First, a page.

Breastfeeding has real psychological benefits for your baby, whether you’re starting out getting to grips with it, or in full flow. Child psychologist Dr Richard Woolfson explains why
There’s no doubt that breastfeeding wins first prize when it comes to safeguarding your growing baby’s health and nutrition needs. Research by the World Health Organisation confirms that breastfeeding during the first year helps protect your baby from infections, allergies and other medical conditions. Health reasons aside, your baby loves breastfeeding because it has a number of emotional benefits for him.
First of all, when you breastfeed milk supply isn’t measured, so a breastfed baby keeps drinking until you think he’s had enough. Supply literally meets demand, so he’s thinking ‘I get as much milk as I want’ and that’s so reassuring for him. He’s also secure because he’s safe and warm. He loves the close mouth-to-skin contact with you while he drinks his milk, and, as you hold him close, he feels loved and nurtured. While he gazes up, he thinks ‘I can look at my mum while I eat’. You can stare into his eyes too, which enhances bonding. Add to that the very distinctive familiarity of your breast milk, and you can start to see why this experience is so emotionally satisfying for him.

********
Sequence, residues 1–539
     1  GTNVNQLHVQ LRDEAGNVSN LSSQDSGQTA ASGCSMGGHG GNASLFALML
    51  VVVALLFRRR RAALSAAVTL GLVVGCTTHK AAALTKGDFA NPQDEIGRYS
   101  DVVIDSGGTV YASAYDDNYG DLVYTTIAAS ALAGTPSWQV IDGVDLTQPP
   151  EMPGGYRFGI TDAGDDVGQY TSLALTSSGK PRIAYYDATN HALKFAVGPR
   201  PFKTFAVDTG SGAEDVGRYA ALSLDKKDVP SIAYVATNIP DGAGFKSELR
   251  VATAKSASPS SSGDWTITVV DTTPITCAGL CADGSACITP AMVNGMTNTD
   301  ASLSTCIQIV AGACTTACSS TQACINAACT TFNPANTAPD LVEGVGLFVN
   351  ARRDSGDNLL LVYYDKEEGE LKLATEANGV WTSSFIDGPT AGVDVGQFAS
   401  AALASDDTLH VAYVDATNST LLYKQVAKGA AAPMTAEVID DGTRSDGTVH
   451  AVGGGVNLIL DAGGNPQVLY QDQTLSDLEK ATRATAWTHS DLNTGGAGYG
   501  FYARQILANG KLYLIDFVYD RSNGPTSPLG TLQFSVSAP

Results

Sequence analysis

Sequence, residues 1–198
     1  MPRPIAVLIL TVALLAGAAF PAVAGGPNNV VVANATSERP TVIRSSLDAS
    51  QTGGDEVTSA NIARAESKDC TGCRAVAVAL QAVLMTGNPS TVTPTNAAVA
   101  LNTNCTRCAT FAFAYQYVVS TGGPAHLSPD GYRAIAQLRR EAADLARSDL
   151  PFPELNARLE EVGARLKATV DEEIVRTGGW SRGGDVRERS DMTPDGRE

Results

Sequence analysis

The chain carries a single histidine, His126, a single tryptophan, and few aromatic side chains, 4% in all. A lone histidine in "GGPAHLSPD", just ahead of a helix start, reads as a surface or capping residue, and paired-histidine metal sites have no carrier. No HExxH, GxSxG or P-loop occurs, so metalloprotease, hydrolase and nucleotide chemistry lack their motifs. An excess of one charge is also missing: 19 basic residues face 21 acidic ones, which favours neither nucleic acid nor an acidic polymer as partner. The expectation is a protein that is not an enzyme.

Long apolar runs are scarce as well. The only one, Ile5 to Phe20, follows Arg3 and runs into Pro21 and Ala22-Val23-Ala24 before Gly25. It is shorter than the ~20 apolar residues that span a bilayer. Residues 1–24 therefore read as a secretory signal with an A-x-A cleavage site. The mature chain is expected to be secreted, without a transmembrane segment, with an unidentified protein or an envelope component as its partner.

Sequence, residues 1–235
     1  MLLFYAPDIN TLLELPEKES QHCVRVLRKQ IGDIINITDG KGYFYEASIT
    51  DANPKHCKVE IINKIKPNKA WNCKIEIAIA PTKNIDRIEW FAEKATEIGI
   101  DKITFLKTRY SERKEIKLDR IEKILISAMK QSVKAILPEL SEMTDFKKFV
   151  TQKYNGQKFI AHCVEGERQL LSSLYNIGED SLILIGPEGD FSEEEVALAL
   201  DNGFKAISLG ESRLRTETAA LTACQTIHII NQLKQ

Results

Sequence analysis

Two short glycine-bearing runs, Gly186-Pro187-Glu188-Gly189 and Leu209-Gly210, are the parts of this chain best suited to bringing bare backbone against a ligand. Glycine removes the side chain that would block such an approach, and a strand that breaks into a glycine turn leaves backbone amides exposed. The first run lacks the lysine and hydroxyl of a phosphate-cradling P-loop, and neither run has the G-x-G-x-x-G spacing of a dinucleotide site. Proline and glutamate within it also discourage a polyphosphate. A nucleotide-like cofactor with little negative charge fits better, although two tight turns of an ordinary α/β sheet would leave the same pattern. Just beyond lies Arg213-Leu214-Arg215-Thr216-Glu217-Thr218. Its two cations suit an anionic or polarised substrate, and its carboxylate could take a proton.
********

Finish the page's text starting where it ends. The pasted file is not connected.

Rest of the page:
Knowing about all these emotions is important for you as a mum, because it means you can make the most of them at every feed. Of course, your baby can’t tell you verbally that he’s experiencing all of this, so you need to work on the assumption that breastfeeding’s a really happy, enjoyable bonding experience for your baby. By doing that, you’re in the right zone mentally and he’ll relax and trust you as his mum. You can also watch for signs, like your baby being relaxed and looking up at you. Remember that your baby senses any tension you might have and, as a reaction, becomes tense himself, which in turn can slow down the feeding process. So, if right now you’re feeing tired all the time and find breastfeeding is just a further strain, don’t give up straightaway – it’s a challenge faced by many mums who breastfeed, especially in the first year. To reduce the pressure on you, explain to your partner that you’re over-tired, and try expressing milk so he can also enjoy the experience.
If you find that one feed takes so long that it runs into the next, try and make sure your baby stays awake during feeding and doesn’t have sporadic naps. You can also try setting a fixed time for each feed, say 30 minutes, and stop after that time.
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